For Immediate Release: September 8, 2022

Help avoid rotating outages today from 4 PM to 9 PM

Another day of conservation is needed

Nine straight days of unprecedented heat has led to record demand for electricity and critically tight power supplies across the state. SMUD would like to thank its customers and community for conserving electricity and helping to keep the lights on.

With today’s temperature forecasted above 110 degrees, SMUD asks customers once again to limit their use of electricity from 4 PM to 9 PM

The following are the top ways residential customers can conserve electricity and help avoid emergency rotating outages:

  • Precool your home before 4 PM To do that, turn down the thermostat to 75 degrees in the mid afternoon and let your AC work to get the home as cool as possible. Then, at 4 PM, raise the thermostat to 82 degrees. That will help keep your home cool during peak hours while also comfortable.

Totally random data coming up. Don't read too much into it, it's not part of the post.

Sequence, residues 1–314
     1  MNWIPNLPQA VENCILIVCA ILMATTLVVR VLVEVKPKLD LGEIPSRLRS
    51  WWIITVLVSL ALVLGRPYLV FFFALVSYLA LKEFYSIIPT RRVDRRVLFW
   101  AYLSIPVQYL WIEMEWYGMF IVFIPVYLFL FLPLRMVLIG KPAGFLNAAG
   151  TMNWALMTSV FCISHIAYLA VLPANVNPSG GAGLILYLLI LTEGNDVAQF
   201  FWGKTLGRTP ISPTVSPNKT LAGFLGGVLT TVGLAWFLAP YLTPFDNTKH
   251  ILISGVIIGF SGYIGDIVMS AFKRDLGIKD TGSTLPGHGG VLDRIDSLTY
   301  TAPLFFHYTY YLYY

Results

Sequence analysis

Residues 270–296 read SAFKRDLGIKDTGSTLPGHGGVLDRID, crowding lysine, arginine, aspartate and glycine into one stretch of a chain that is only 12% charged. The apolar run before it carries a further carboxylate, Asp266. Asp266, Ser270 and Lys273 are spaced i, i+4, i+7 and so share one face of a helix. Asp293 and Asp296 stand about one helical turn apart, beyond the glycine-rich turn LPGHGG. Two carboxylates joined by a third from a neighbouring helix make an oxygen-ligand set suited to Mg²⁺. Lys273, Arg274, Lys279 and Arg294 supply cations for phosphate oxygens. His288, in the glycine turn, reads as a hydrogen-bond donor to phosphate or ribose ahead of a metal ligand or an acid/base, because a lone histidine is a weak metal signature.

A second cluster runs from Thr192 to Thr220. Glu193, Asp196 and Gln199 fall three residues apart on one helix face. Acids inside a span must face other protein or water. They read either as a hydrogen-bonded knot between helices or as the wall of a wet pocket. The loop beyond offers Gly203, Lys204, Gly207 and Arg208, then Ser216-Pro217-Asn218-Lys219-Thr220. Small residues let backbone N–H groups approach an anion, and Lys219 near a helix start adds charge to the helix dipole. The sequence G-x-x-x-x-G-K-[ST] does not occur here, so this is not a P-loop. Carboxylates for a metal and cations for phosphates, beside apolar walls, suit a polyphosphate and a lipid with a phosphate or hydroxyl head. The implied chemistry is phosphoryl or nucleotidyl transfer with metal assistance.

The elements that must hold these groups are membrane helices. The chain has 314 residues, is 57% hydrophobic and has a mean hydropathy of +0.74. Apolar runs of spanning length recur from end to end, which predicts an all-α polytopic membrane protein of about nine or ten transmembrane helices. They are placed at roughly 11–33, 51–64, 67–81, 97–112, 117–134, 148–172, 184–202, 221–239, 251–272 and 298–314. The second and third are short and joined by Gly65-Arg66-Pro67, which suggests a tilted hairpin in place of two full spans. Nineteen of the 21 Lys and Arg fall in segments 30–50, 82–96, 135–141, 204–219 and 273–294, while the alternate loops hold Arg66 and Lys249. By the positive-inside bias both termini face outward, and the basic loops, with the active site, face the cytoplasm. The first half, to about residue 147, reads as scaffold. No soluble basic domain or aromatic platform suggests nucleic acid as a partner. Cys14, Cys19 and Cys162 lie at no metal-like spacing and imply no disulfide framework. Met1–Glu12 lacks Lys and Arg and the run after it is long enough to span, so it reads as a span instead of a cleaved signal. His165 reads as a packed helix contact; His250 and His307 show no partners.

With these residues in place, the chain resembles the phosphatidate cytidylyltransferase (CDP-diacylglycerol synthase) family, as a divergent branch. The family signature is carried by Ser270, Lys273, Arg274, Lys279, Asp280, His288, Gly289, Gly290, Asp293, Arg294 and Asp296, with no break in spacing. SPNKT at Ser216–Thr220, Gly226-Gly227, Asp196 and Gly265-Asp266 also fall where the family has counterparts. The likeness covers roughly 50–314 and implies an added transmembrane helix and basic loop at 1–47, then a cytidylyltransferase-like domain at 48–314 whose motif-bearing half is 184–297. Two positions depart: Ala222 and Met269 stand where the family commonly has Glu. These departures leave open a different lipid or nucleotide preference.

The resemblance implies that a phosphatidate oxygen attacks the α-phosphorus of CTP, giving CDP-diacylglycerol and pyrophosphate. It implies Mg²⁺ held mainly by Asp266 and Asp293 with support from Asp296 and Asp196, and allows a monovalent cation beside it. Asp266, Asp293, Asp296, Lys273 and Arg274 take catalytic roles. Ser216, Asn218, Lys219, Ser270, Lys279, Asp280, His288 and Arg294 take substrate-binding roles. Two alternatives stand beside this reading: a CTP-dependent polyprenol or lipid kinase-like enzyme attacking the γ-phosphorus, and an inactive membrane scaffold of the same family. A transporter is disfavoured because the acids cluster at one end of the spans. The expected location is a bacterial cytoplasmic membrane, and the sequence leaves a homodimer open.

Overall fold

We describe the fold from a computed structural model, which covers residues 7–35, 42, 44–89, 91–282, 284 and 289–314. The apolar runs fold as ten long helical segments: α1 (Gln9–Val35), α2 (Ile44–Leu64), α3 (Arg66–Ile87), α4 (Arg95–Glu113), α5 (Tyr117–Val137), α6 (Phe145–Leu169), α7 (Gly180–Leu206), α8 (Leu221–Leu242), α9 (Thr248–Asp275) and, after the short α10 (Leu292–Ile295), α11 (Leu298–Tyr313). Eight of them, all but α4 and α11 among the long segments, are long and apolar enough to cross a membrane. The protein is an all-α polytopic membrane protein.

• Do not run large appliances or equipment during peak hours and turn off unnecessary lights.
  • Charge personal electronic devices and electric vehicles before 4 PM or after 9 PM

Commercial and industrial customers are asked to reduce the use of lighting not essential for safety purposes in garages, hallways, lobbies, warehouses and displays. The minimized use of office equipment, supply and exhaust fans, circulating pumps, and maintenance and repair equipment will also lower the demand for electricity.

SMUD will exhaust every avenue before rotating outages are called. This includes procuring power on the open market, activating its voluntary Air Conditioning Load Management program and calling on commercial customers who have previously agreed to reduce consumption. 

Should rotating outages become necessary, impacted customers will be given as much advanced notice as possible, and no customer will be out of power for more than approximately one hour. SMUD would rotate outages by sections until the emergency is over. No section will be repeated until all 39 sections have been cycled through. Customers can learn which section they are in on the rotating outage map.